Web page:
|as a fascinating riff on the Frankenstein myth, with steampunk aesthetics and an outrageously offbeat delivery
|Emma Stone, Mark Ruffalo, Willem Dafoe, Charlie Hiscock, Christopher Abbott, Hanna Schygulla, Jack Barton, Jerrod Carmichael, Kate Handford, Kathryn Hunter, Owen Good, Ramy Youssef, Vivienne Soan
|Ireland, UK, US
|12th January 2024
WHAT’S IT ABOUT?
Dr Godwin Baxter (Willem Dafoe) is a brilliant, disfigured genius, who teaches the next generation of surgeons by day, while experimenting with cutting edge science back at home.
He recruits his brightest student, Max (Ramy Youssef), to move in with him to monitor the progress of a young woman, Bella (Emma Stone), who lives with him; it’s not initially clear whether she’s his daughter, a patient or something more disturbing.
At first, she appears to have severe learning difficulties, but her capacity for development increases rapidly and as a besotted Max falls in love with her, she decides to run away with a delightfully sleazy lawyer, Duncan (Mark Ruffalo).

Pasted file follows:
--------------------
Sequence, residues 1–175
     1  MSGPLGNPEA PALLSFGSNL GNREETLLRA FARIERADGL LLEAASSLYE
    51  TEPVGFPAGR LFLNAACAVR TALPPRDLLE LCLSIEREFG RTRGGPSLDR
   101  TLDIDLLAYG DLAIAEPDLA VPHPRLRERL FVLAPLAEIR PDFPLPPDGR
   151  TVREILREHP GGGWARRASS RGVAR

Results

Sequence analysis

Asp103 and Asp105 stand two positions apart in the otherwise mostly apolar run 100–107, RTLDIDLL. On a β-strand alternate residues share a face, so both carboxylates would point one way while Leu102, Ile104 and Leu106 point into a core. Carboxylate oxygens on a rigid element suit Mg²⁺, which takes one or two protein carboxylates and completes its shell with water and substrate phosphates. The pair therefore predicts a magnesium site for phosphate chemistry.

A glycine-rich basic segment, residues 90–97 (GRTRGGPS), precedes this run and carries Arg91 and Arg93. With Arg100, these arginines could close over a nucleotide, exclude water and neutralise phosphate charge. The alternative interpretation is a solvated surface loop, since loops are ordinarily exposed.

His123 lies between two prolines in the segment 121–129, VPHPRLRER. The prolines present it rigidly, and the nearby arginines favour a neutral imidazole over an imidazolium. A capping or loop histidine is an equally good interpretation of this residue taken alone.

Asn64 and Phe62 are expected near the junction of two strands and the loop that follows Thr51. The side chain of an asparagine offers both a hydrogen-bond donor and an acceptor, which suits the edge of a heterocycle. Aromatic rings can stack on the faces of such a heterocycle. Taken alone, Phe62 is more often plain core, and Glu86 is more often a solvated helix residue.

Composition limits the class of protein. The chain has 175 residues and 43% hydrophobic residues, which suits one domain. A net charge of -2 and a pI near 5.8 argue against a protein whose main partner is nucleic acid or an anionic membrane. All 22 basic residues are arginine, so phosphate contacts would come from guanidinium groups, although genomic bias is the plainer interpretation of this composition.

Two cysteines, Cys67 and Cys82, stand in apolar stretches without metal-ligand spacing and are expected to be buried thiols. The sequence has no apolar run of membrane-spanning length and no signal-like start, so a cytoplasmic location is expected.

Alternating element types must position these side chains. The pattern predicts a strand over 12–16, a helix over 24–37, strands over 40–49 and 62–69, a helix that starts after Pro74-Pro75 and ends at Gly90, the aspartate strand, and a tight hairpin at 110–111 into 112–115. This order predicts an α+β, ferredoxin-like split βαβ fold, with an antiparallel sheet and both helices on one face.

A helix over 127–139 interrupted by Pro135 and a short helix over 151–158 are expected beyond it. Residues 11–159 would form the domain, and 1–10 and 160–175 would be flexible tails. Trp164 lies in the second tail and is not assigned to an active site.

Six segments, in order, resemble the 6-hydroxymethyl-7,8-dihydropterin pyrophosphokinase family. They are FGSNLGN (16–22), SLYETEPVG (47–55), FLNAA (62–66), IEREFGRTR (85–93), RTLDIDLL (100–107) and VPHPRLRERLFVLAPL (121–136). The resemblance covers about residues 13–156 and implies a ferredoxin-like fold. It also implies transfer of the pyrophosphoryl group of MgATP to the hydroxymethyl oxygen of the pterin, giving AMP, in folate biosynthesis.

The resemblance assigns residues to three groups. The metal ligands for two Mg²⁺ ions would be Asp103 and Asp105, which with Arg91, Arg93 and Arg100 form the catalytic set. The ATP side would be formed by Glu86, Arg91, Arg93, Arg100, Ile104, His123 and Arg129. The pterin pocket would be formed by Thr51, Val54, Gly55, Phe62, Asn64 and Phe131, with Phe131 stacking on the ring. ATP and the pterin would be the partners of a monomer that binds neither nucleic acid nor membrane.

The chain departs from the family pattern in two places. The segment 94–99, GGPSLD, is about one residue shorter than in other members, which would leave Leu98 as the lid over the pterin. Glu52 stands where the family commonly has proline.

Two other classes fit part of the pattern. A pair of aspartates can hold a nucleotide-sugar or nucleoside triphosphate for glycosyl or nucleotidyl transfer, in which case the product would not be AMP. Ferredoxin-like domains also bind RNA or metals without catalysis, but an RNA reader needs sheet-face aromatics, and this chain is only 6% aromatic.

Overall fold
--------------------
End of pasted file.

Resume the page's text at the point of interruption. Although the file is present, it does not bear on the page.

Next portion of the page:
As her journey of self-discovery continues, she soon seems to outgrow even him and returns home when Godwin falls ill. But all her progress is threatened when a figure from her past makes an unexpected reappearance.
WHAT’S IT LIKE?
As the latest from the director that brought us films such as Dogtooth, The Lobster, The Killing of a Sacred Deer and The Favourite, it won’t come as a great surprise to learn that Poor Things is built on a premise that’s as surreal as it is disturbing – laced with the darkest of humour.
With a steampunk aesthetic, it’s visually arresting, with a handful of moments so eye-popping that you wish you could rewind and rewatch.
Yorgos Lanthimos deftly unfurls a complex plot – a riff on Frankenstein – with almost perplexing clarity, as he constantly challenges viewers to reconsider their understanding of the world around them.
Based on a novel from the Scottish author Alasdair Gray, Poor Things has been criticised by some for taking the narrative out of Glasgow, but if you don’t know about its provenance, this Victorian horror works perfectly well, wherever – and whenever – it’s set.
It’s received a number of five-star reviews; while it’s unquestionably a remarkable piece of film-making – from the writing and acting to the photography, production design and costumes – but it’s not for everyone.
Many viewers will find it too arch, disturbing or even offensive – it’s certainly difficult to watch at times. But if you like your cinema offbeat and outrageous, Poor Things is a worthy addition to the weird and wonderful world of Yorgos Lanthimos.